In Memoriam: Anne Jaster (1937 - 2020)

By Nolan Marciniec

The Lan­dis com­mu­ni­ty mourns the loss of anoth­er old friend, Anne Jaster. Anne was known for her whole­heart­ed com­mit­ment to the nat­ur­al world, exem­pli­fied by her ser­vice on the Arboretum’s Board of Trustees, as well as her ardent sup­port of oth­er area envi­ron­men­tal caus­es such as the Plot­ter Kill and Moc­casin pre­serves and the Envi­ron­men­tal Clear­ing­house. A gift­ed artist, she cel­e­brat­ed nature in her mas­ter­ful botan­i­cal draw­ings. We have includ­ed a ret­ro­spec­tive of her work in the slideshow below.

To com­mem­o­rate Anne’s pass­ing, we reprint an arti­cle from our Spring 2007 issue.

LAN­DIS POR­TRAITS: A Series About the Peo­ple Behind the Plants at the Arboretum

The Arbore­tum is my church … and heav­en is here, all around us. Look at the vena­tion on the iris – it’s just mirac­u­lous! The Arbore­tum makes us stop and look at these things,” she said.

Anne Jaster remem­bered her first vis­it to Lan­dis more than twen­ty years ago. Arbore­tum founder Fred Lape invit­ed Anne and her moth­er into the unim­proved” farm­house – she not­ed the hand pump in the kitchen. On anoth­er occa­sion, she and Alpine spe­cial­ist Kathie Lip­pett inves­ti­gat­ed the Quar­ry Gar­den, then over­run with saw­grass, and advo­cat­ed for its ren­o­va­tion. As a fledg­ling” vol­un­teer, she did, as she said, more than her fair share of weeding. 

Anne served on the Board of Trustees for six years and as its pres­i­dent from 1992 to 1994. Although she admit­ted that she is quite con­tent not lead­ing,” she accept­ed the posi­tion because she saw it as an oppor­tu­ni­ty to bring struc­ture to an orga­ni­za­tion she grew to love.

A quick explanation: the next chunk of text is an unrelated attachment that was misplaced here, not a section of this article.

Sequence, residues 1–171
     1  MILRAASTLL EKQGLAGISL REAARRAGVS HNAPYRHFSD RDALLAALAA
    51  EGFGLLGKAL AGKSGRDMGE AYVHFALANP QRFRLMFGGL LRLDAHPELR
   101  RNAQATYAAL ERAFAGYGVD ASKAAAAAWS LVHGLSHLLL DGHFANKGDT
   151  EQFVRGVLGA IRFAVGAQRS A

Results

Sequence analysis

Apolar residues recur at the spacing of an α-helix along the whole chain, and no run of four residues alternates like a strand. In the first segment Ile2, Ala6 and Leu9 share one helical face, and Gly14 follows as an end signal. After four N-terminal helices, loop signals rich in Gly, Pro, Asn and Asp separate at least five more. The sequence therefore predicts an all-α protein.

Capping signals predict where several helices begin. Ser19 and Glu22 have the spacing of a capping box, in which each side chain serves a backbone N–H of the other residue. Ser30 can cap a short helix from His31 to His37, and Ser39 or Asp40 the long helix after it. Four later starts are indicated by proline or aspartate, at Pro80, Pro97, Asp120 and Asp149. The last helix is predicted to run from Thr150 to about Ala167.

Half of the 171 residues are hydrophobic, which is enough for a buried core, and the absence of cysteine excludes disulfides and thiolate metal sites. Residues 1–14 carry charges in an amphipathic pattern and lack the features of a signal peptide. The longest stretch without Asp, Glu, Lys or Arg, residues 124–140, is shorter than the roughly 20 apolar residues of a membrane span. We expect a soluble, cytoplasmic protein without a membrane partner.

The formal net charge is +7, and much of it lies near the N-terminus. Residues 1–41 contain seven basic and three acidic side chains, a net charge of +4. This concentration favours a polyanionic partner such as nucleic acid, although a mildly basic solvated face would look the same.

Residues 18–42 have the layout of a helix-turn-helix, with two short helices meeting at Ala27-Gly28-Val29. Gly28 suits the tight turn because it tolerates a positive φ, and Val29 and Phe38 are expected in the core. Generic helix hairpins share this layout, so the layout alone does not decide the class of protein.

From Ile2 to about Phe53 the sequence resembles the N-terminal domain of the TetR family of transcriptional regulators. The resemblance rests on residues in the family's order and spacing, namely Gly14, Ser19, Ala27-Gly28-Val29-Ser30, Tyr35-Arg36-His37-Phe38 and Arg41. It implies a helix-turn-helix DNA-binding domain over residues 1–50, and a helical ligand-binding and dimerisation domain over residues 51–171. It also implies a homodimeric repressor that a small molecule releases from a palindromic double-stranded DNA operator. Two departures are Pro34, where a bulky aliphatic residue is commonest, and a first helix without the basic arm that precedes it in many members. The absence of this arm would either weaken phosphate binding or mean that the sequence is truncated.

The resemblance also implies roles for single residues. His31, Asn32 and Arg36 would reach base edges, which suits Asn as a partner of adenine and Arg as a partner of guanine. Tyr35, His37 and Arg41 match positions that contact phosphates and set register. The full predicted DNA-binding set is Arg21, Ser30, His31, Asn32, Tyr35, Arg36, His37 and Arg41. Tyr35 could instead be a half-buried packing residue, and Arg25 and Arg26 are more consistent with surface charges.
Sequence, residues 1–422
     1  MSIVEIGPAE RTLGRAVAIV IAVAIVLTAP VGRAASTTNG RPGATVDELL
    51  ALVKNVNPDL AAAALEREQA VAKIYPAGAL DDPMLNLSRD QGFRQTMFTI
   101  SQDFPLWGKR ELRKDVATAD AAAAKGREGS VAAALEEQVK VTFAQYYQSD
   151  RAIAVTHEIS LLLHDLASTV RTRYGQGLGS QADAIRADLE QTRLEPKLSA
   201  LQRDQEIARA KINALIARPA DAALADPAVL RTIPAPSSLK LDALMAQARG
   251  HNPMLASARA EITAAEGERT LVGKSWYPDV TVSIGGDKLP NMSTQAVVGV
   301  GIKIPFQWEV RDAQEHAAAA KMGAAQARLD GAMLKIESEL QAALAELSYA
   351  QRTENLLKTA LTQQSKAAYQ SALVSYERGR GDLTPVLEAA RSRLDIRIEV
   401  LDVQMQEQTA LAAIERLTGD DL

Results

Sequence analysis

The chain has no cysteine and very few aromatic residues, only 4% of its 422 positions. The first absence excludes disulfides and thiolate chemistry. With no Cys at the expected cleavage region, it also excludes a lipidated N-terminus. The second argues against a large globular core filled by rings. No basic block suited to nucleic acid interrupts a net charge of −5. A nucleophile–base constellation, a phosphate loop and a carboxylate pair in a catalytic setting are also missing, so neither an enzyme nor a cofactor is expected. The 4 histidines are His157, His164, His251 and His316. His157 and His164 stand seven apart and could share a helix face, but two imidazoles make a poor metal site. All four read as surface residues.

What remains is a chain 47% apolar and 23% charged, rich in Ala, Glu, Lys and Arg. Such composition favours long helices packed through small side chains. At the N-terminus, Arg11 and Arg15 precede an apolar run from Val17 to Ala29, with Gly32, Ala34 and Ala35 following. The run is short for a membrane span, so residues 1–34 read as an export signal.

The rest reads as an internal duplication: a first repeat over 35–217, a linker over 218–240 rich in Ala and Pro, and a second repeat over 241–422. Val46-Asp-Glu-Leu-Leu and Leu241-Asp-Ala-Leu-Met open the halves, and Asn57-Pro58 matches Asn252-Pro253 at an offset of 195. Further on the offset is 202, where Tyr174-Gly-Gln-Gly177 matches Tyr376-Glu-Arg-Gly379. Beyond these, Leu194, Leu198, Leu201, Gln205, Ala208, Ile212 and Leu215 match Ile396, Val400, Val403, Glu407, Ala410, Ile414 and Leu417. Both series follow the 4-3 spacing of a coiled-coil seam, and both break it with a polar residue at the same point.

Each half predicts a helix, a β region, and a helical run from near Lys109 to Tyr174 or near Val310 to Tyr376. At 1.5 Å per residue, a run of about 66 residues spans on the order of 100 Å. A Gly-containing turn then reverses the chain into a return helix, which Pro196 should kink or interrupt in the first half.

Anne trained as an artist and taught art in both ele­men­tary and high schools. Her pas­sion is botan­i­cal illus­tra­tion, which she pur­sues in a vari­ety of media. She has tak­en her tal­ent to many places in the world, most notably to Chile and Paraguay, and she has shared her gift by teach­ing sev­er­al class­es in botan­i­cal illus­tra­tion at the Arbore­tum. Nature is art,” she remind­ed us. If peo­ple real­ly want to know a plant, they should draw it, see what it’s all about.”

Her cur­rent project is a com­pre­hen­sive illus­tra­tion of the unique flo­ra of the Pineb­ush, includ­ing the insects that feed on these plants, the most famous of which is the Karn­er Blue butterfly.

Anne’s asso­ci­a­tion with the Arbore­tum has been, she said, a mix­ture of both priv­i­lege” and pure affec­tion.” She has had the oppor­tu­ni­ty to par­tic­i­pate, first-hand, in the Arboretum’s his­to­ry, work­ing with Fred Lape’s per­son­al library, as well as with his cor­re­spon­dence with hor­ti­cul­tur­al­ists all over the world. And there have been sim­pler moments of priv­i­lege too: one evening after teach­ing a draw­ing class, she was moved by the unex­pect­ed sight­ing of wood­cocks in the gul­ley near the Farmhouse.

Over the years, Anne main­tained, Lan­dis has met many of her essen­tial needs. She would encour­age mem­bers and vol­un­teers to expe­ri­ence what she her­self has found at the Arbore­tum: the per­son­al rela­tion­ships that can devel­op, the learn­ing activ­i­ties that are always there, and, above all, the spir­i­tu­al renew­al that comes on a long walk” on the grounds.

We’re proud to dis­play some of Ann’s work below.

Tap to view full size

Summer 2020

Volume 38 , Number 2

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